Established in honor of Nobel laureate Szent-Gyorgyi, co-founder of the NFCR, the prize recognizes outstanding scientific achievement in the war against cancer and celebrates leading researchers who have made extraordinary contributions in the field of cancer research.
In 1983, Dvorak and his colleagues were the first to demonstrate that tumor cells secreted vascular endothelial growth factor (VEGF), known at the time as vascular permeability factor or VPF.
"Dr. Dvorak's seminal discoveries in basic science have led to significant clinical benefits for cancer patients, perfectly fitting the unique criteria of the Albert Szent-Gyorgyi Prize for Progress in Cancer Research," notes NFCR Chief Scientific Officer Sujuan Ba, PhD, co-chair of the prize committee. "Dr. Dvorak's key VPF/VEGF discovery paved the way for researchers to better understand the mechanisms involved in tumor angiogenesis. His work is now being utilized in very real practical applications, offering hope for angiogenesis-centered treatments to halt, and even reverse, tumor growth."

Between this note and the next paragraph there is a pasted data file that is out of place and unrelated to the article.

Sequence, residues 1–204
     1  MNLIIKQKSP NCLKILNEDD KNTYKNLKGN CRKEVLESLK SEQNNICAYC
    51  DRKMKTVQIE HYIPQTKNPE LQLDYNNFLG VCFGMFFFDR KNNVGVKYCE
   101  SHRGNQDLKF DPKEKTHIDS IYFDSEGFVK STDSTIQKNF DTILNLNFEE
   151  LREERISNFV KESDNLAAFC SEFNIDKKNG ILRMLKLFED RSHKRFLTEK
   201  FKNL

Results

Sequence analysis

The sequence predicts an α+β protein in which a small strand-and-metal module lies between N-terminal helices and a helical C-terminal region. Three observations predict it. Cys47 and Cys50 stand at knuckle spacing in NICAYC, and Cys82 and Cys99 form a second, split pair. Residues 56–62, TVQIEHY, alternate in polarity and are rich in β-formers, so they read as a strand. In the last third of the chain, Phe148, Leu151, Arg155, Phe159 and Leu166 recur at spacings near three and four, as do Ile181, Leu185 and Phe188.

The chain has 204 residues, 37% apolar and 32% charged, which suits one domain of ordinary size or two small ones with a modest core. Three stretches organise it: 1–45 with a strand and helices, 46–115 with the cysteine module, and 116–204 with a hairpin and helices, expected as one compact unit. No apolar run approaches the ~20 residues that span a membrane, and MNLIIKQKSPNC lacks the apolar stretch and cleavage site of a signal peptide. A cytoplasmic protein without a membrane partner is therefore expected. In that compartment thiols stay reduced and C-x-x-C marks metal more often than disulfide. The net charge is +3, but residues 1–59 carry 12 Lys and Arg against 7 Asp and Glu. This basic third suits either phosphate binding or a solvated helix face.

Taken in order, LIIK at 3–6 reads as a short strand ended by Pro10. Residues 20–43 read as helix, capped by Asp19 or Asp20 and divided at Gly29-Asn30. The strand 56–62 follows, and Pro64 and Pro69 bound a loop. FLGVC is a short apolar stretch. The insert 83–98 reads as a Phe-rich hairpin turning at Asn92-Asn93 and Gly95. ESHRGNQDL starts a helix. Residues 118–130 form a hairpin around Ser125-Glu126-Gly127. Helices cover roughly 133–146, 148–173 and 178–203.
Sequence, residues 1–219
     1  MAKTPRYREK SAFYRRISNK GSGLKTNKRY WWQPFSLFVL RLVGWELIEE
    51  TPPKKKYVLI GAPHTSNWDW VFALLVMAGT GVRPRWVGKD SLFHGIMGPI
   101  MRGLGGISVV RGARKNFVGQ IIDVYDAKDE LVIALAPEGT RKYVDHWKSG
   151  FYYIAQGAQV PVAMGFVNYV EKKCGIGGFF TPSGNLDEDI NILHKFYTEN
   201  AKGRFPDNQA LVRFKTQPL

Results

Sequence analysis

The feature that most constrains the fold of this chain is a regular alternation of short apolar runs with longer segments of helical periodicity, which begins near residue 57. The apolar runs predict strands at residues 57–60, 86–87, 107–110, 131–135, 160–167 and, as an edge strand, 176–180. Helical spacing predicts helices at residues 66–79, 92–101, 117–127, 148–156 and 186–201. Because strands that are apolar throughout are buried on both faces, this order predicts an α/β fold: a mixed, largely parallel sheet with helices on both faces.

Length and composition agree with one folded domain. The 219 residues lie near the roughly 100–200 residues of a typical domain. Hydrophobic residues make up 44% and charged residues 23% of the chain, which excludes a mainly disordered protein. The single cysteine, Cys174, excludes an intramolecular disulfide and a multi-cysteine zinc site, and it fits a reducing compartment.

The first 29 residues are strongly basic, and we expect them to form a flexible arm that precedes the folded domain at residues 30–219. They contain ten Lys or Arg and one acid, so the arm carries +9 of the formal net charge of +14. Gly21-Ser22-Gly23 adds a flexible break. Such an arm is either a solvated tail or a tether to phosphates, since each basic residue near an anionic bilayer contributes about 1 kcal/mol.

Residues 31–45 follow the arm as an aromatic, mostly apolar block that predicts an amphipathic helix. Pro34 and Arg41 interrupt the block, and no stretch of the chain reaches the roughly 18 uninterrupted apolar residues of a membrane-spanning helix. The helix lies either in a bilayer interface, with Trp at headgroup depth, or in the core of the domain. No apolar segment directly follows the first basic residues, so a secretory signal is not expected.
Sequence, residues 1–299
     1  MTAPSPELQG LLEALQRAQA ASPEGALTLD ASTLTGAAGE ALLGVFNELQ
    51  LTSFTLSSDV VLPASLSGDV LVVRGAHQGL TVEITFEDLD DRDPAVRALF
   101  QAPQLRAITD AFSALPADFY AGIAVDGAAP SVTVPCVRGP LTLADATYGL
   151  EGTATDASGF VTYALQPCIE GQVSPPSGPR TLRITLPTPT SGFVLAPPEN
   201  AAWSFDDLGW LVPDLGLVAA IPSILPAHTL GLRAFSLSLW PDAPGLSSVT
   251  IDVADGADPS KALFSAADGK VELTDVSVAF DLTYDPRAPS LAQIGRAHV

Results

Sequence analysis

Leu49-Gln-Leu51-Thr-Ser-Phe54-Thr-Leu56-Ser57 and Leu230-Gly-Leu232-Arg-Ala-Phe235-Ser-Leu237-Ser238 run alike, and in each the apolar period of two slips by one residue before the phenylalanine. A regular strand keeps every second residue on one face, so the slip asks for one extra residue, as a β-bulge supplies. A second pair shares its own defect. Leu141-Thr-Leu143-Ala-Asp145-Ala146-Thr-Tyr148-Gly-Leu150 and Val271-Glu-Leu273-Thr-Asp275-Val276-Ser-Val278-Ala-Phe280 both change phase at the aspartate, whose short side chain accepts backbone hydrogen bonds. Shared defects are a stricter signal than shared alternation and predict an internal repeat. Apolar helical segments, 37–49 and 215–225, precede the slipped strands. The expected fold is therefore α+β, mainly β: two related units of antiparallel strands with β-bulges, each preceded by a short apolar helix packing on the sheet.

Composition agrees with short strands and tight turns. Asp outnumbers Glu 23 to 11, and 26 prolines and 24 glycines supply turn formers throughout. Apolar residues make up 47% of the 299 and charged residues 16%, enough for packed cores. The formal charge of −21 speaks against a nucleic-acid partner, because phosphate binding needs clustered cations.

Adds prize committee chairman Daniel Von Hoff, vice president of the Translational Genomics Research Institute in Phoenix, Arizona, "Without Dr. Dvorak's fundamental discovery we would probably not have had the therapeutic agent bevacizumab, which has had a tremendous impact on improving survival for patients with advanced colorectal cancer, breast cancer, non-cell lung cancer and renal cell carcinoma. In addition, other small molecules which inhibit VEGF have also shown outstanding clinical antitumor activity with dramatic therapeutic effects for pati
Contact: Bonnie Prescott
Beth Israel Deaconess Medical Center